I couldn't find a section for a health walker, so decided to put it in here. We purchased this health walker from Kays catalogue approximately 2 years ago. It looks rather like a ski-ing machine as it mainly works out on your legs. It is a large framed exerciser, and you stand on two pedals to work out your legs, and there are handles so that you work out your arms at the same time. It feels funny at first as it seems like you are walking on air, but after a few minutes you really start to feel it working. The walker has a little digital reader that lets you know how many strides you have done, and how many calories you are burning off. Me and my husband usually compete with each other to see who can burn off the most calories in the least amount of time!! The great thing about this walker is that it does a full body work out on your legs, thighs, hips, arms and upper body. Once you have got used to it, you can go faster and it is like an aerobic workout as well. The problem with it is that although it folds flat, it is very bulky and heavy and difficult to store. Before we had our daughter it was kept in her bedroom. We hardly use it now, not because we don't like it, but because it is hard work trying to set it up and then fold it away again.
Do you know what kind of exercise is appropriate for you? Tip 1 : If you are just starting an exercise program do begin gradually (perhaps with brisk walking) and don't expect to "get into shape" overnight. Your fitness should start to improve within 3 months with consistent effort !!! Tip 2: You should be able to carry on a conversation while you are exercising. At the same time, you typically should work hard enough to sweat during each exercise period. Tip 3: In order to become fit, plan an exercise routine that will last 20 to 30 minutes at least 3 days a week. Include stretching before and after your exercise. This will help avoid injury. Remember to start slowly and listen to your body's pain messages. If it hurts, then you have probably overdone it. Tip 4: While exercises such as weight lifting provide strength to the muscles, they do little for the fitness of the heart. Aerobic exercises strengthen the heart and lungs and should be part of the fitness routine. Examples of good aerobic exercises include: walking, running, jogging, swimming, cross-country skiing, rowing, rope skipping, dancing, racket sports, and cycling. No exercise program ever goes smoothly. There may be setbacks (such as illness or injury), but these should not change your overall program. If necessary, substitute one exercise activity for another (for example, switch from running to swimming). If you do have a setback, don't start immediately at your previous level of activity. You should take about as long to get back to your previous level of activity as the time you were out of action. Exercise can be fun even though it may not seem fun at first. Don't be afraid to vary both the duration and type of exercise activity if your present one is getting boring.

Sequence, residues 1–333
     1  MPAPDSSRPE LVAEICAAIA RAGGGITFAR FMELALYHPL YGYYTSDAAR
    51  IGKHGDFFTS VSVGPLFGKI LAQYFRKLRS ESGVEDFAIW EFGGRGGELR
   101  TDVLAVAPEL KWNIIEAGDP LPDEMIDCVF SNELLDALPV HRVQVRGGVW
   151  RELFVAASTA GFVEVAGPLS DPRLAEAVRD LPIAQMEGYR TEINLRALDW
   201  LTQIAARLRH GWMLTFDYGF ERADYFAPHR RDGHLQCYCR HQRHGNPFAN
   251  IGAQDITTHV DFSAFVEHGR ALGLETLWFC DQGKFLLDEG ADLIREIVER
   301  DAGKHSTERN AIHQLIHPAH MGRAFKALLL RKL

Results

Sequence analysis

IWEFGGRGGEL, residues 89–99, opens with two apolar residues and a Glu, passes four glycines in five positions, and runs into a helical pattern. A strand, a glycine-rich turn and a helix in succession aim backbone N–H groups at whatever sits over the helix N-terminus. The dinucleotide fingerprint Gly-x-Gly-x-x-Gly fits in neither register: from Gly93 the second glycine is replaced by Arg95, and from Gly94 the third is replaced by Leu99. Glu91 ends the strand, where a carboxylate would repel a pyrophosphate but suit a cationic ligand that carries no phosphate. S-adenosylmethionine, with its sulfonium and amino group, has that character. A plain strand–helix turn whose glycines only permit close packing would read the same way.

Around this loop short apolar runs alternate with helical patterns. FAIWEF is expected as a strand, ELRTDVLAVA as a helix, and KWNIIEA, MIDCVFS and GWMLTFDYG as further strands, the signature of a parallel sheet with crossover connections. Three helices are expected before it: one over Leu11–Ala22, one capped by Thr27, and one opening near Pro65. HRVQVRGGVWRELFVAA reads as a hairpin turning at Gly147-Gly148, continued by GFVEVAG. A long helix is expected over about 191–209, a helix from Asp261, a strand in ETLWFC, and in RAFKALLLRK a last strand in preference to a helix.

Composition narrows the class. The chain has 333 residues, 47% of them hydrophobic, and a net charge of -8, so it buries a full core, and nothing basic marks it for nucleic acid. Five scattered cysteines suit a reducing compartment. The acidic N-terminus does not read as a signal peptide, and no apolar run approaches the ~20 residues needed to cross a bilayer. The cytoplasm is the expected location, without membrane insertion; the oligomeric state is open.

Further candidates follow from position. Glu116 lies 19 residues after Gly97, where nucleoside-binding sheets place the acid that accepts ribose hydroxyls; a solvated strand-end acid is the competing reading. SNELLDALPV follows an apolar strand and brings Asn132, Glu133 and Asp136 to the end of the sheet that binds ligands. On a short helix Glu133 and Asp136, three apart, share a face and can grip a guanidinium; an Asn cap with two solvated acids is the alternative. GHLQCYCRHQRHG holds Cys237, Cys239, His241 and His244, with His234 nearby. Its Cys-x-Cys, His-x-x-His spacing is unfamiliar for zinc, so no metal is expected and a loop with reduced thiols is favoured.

The cheapest, easiest and one of the most enjoyable ways to get fit is to walk. You can do it everywhere and anywhere and in all weathers. No special clothing or equipment. However I recommend you buy a pedometer cost about £12-15. This measures the actual distance you walk and it will surprise you! That '4 mile hike' you went on could turn out to be less that you thought. It also allows you to build up your exercise regime. My husband had major surgery and wouldn't/couldn't exersise. No gym for him! Enter one pedometer and voila! -15-20 miles a week. No problem. In frost - in rain - in sun. We see the sights and Thank God turn off the telly'